Events like the Chinese rocket which crashed back to Earth illustrate the need for action on ‘space junk’ before a disaster happens, the head of Scottish rocket company Skyrora has said.
Volodymyr Levykin said the uncontrolled re-entry of the remains of the 18-tonne Chinese Long March 5b missile – which plunged into the sea just west of the Maldives recently – should not be happening.
Volodymyr, Chief Executive Officer of Edinburgh-based Skyrora which aims to launch its first rocket next year, said the incident underlines the value of the firm’s work in developing a ‘space tug’ which can play a crucial role in clearing redundant satellites and other so-called space junk.
He said: “The world had to watch and hold its breath to see where the debris from the Chinese Long March-5b vehicle would hit the Earth. But events like this shouldn’t be happening.
“There are around 34,000 objects above 10cm in size in Earth’s orbit that would be considered space junk – 3000 of which are redundant satellites. Moving at around 10km per second, these objects could seriously damage operational satellites or even the International Space Station.
“It’s vital that something is done to address the situation before disaster strikes – and we’re faced with the loss of crucial services, or worse still, loss of life.”
Volodymyr said the situation has heightened the demand for a vehicle that can make multiple stops and functions in space without the need for multiple launches.
He added: “Orbital Transfer Vehicles, such as Skyrora’s space tug, are on hand to help safely de-orbit space debris or transport it to a disposal orbit. With the capability of re-firing its engine multiple times and so manoeuvring once in orbit, a tug can complete several missions after deploying an initial payload.
“By integrating them as part of the rocket’s third stage, we can effectively deploy a vehicle as part of every launch, creating an orbital fleet of ‘space tugs’ ready to be called upon when required.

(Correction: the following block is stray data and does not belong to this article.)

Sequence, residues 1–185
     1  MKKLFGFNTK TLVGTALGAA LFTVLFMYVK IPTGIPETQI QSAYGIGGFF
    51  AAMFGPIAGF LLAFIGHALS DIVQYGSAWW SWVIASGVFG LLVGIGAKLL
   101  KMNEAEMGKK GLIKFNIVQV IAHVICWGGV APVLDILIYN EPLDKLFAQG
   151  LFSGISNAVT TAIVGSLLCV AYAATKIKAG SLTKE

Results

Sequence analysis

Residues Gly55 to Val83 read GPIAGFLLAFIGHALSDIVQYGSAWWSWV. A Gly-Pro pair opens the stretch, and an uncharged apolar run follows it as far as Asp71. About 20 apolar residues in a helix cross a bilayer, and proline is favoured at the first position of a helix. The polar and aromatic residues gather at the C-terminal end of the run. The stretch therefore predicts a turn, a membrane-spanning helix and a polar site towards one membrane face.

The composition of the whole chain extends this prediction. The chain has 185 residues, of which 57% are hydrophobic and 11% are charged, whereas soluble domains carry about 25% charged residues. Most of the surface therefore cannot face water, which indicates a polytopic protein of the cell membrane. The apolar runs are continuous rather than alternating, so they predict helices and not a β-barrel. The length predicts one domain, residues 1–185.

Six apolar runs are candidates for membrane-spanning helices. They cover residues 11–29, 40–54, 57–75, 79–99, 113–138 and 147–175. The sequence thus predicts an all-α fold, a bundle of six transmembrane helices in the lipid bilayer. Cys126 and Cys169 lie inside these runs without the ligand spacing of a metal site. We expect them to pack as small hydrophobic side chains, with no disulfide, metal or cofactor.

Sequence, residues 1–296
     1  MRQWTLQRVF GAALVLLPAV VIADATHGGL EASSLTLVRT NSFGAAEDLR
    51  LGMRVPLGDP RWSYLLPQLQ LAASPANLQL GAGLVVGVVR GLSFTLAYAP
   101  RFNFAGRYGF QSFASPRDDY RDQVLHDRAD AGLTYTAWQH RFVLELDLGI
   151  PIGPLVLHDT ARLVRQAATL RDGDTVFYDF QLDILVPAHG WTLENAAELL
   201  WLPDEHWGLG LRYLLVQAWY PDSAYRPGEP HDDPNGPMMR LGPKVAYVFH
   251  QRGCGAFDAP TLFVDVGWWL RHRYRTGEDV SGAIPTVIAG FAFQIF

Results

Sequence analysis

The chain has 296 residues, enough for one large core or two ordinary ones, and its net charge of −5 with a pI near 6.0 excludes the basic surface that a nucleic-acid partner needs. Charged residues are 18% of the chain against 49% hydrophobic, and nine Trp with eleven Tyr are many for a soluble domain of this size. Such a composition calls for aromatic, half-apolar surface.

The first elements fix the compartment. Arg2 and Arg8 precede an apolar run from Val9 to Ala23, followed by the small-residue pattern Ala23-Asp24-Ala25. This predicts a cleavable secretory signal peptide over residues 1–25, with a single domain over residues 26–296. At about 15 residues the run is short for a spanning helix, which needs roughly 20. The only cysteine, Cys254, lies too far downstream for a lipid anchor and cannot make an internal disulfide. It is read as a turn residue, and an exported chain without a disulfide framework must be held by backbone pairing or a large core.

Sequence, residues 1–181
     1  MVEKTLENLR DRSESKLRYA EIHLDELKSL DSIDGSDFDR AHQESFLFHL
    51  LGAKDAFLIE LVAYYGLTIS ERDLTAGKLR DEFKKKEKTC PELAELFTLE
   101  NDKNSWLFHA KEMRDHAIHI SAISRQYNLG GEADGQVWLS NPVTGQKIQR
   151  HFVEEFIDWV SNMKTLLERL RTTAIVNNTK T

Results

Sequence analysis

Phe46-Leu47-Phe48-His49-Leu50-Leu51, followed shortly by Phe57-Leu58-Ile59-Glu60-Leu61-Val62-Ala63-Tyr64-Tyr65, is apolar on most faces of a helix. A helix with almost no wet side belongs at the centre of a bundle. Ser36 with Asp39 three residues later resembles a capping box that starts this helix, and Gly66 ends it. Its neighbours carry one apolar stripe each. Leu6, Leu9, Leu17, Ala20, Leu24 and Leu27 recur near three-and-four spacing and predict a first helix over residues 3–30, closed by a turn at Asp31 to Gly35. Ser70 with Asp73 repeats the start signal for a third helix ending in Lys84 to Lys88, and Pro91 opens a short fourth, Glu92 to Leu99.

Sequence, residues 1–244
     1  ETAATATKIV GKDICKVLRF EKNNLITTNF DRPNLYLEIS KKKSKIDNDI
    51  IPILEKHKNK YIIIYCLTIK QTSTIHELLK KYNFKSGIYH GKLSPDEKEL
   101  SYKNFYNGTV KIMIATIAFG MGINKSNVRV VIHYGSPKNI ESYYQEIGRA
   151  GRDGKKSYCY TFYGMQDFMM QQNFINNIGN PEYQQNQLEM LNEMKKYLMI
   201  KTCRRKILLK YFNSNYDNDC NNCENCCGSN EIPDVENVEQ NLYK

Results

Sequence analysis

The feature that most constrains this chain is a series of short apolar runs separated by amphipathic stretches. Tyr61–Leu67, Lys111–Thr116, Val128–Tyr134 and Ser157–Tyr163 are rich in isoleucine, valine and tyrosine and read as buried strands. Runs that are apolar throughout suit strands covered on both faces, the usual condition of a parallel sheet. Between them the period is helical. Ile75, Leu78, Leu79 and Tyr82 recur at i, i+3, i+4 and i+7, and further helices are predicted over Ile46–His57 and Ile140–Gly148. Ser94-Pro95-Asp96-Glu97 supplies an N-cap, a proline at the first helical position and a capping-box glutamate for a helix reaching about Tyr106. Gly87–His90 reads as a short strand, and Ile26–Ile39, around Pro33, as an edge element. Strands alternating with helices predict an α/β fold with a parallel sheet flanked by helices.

“Every launch, regardless of who is behind it or where it’s launching from, should now include some sort of space tug to make sure these uncontrolled re-entries are a thing of the past.
“It’s not only about helping the planet or clearing up the mess orbiting it but about protecting the crucial infrastructure that’s taken decades and trillions of dollars to build, which could effectively be wiped out in an instant.”
Skyrora has already successfully completed tests on a space tug model – at its engine development facility in Fife – which involved a full mission duration static fire test (450 second burn over three firings) of the upper (or third) stage of their orbital-class vehicle, Skyrora XL.
The development is a key part of Skyrora’s mission to place space sustainability as a crucial element in its planning and company vision. It has also developed a new way of launching satellites without damaging the environment as well as creating an eco-friendly fuel that ensures the UK has the most environmentally friendly space industry in the world.
The company recently secured €3M funding from the European Space Agency, which will be used to complete Skyrora’s XL programme to deliver consistent orbital launches from the UK.
Skyrora XL is a 23-metre, 56-tonne, three-stage rocket capable of carrying up to 315kg into orbit. The vehicle is on course to be test launched in 2022 from a UK spaceport and the project is set to generate 170 high-skilled jobs.